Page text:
Page: 688

View: 6262

The Labour Party welcomed the Russian Revolution in 1917: it paved the way for the birth of a socialist superpower and ushered in a new era in Soviet governance. Labour excused the Bolshevik excesses and prepared for its own revolution in Britain. In 1929, Stalin deported hundreds of thousands of men, women and children to work in labour camps. Subjected to appalling treatment, thousands died. When news of the camps leaked out in Britain, there were protests demanding the government ban imports of timber cut by slave labourers. The Labour government of the day dismissed mistreatment claims as Tory propaganda and blocked appeals for an inquiry. Despite the Cabinet privately acknowledging the harsh realities of the work camps, Soviet denials were publicly repeated as fact. One Labour minister even defended them as part of 'a remarkable economic experiment'. Labour and the Gulag explains how Britain's Labour Party was seduced by the promise of a socialist utopia and enamoured of a Russian Communist system it sought to emulate. It reveals the moral compromises Labour made, and how it turned its back on the people in order to further its own political agenda.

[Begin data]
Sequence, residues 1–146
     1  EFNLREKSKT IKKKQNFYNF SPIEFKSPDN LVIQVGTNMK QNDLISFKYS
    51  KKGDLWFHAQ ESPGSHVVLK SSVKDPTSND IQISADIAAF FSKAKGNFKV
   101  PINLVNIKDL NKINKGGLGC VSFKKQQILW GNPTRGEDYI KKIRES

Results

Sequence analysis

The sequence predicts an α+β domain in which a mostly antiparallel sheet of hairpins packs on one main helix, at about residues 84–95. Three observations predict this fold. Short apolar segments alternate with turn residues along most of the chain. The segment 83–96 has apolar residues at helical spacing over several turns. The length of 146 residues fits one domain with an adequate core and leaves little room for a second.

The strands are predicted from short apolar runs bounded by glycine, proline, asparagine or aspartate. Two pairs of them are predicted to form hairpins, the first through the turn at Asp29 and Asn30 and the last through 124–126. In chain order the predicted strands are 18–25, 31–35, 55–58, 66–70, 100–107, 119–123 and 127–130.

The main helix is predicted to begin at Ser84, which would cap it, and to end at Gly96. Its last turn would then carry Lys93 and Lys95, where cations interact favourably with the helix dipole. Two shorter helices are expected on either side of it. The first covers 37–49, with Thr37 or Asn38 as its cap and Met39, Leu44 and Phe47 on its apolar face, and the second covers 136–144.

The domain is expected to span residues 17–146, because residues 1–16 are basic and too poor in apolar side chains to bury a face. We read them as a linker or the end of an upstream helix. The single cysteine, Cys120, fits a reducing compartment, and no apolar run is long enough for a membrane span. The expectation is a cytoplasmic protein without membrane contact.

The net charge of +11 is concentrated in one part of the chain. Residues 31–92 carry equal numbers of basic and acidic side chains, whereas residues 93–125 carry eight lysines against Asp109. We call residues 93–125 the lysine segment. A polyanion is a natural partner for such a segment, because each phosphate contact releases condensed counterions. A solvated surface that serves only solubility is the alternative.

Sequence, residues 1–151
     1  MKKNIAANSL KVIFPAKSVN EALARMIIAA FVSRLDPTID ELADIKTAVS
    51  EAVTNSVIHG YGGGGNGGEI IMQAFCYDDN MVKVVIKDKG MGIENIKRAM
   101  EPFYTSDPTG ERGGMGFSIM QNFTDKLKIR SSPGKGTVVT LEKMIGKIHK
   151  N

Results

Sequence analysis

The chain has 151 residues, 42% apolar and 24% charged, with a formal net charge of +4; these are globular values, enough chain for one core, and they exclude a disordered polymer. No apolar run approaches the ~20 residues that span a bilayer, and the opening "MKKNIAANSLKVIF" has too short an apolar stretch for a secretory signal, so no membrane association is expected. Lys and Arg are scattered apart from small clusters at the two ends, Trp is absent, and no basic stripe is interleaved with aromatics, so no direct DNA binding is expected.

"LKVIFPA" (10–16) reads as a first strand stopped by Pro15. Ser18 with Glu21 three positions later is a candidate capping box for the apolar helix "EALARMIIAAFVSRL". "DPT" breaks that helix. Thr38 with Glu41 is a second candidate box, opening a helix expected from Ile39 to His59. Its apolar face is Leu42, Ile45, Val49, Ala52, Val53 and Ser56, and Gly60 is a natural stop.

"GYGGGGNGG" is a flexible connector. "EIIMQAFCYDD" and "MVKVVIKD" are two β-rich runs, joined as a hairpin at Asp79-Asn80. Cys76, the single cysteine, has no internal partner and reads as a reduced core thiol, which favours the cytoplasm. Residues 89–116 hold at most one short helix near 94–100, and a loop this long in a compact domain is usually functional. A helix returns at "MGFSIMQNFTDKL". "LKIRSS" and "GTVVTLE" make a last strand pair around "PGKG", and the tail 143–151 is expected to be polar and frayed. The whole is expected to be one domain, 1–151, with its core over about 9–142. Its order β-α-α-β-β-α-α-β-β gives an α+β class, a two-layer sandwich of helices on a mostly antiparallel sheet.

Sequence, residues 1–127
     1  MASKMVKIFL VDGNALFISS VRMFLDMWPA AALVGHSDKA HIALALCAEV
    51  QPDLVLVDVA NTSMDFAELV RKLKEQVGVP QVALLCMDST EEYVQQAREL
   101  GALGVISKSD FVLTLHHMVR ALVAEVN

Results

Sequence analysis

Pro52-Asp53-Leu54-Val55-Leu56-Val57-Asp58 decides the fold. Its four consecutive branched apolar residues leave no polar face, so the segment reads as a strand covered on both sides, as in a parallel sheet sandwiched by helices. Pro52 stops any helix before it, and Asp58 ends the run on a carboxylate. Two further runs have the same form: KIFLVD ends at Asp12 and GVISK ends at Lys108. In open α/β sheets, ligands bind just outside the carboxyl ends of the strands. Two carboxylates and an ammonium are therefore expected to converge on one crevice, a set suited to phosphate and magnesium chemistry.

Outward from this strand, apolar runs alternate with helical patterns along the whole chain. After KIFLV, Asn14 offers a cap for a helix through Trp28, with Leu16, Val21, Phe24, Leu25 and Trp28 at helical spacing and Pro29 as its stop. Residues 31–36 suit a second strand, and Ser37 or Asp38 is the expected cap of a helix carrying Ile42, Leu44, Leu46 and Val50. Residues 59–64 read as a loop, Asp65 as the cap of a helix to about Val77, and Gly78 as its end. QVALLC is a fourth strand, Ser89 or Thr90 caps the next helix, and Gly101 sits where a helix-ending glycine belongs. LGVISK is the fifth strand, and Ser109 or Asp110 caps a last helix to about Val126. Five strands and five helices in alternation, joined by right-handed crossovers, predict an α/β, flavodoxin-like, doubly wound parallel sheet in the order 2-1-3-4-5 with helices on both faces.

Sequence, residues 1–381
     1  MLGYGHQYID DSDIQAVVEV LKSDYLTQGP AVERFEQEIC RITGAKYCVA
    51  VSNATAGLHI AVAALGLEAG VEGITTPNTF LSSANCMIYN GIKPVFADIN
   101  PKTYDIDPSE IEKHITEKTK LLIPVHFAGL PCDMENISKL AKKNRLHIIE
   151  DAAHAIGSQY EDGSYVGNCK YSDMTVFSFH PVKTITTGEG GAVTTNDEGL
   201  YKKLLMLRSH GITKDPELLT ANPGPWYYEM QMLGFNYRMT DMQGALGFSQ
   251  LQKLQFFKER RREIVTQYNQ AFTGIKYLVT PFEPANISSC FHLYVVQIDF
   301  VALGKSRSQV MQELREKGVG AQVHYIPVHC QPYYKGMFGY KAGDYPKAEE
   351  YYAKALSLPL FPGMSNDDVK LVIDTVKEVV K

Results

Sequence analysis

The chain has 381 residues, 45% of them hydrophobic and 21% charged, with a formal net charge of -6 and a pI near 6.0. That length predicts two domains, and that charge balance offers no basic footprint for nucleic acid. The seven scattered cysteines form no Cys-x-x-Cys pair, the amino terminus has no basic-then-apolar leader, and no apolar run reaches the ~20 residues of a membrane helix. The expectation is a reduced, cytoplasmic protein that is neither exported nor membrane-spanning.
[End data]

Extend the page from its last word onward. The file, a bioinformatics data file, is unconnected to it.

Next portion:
Posted in Political Science

What Unions No Longer Do

Author: Jake Rosenfeld

Publisher: Harvard University Press

ISBN: 0674726219

Category: Social Science

Page: 279

View: 4970

From workers' wages to presidential elections, labor unions once exerted tremendous clout in American life. In the immediate post-World War II era, one in three workers belonged to a union. The fraction now is close to one in five, and just one in ten in the private sector. The only thing big about Big Labor today is the scope of its problems. While many studies have explained the causes of this decline, What Unions No Longer Do shows the broad repercussions of labor's collapse for the American economy and polity. Organized labor was not just a minor player during the middle decades of the twentieth century, Jake Rosenfeld asserts. For generations it was the core institution fighting for economic and political equality in the United States. Unions leveraged their bargaining power to deliver benefits to workers while shaping cultural understandings of fairness in the workplace. What Unions No Longer Do details the consequences of labor's decline, including poorer working conditions, less economic assimilation for immigrants, and wage stagnation among African-Americans. In short, unions are no longer instrumental in combating inequality in our economy and our politics, resulting in a sharp decline in the prospects of American workers and their families.